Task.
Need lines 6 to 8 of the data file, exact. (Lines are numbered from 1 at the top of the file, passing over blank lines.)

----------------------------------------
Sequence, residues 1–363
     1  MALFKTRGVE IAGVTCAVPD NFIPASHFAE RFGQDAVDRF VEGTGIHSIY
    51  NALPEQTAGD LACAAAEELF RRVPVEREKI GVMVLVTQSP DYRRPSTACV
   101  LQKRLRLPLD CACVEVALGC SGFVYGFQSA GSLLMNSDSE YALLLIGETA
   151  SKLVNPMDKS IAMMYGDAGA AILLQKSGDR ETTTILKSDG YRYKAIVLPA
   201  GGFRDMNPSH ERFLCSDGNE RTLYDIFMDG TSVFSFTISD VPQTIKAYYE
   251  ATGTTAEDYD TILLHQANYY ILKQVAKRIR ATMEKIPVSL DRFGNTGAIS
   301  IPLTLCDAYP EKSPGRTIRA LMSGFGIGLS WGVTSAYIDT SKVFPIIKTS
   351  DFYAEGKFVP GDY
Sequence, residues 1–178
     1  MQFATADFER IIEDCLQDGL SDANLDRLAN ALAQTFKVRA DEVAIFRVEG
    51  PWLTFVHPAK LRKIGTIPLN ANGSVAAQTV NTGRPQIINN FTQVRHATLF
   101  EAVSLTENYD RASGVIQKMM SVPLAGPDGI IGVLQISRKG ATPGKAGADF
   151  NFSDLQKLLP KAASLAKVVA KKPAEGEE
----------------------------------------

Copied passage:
   201  GGFRDMNPSH ERFLCSDGNE RTLYDIFMDG TSVFSFTISD VPQTIKAYYE
   251  ATGTTAEDYD TILLHQANYY ILKQVAKRIR ATMEKIPVSL DRFGNTGAIS
   301  IPLTLCDAYP EKSPGRTIRA LMSGFGIGLS WGVTSAYIDT SKVFPIIKTS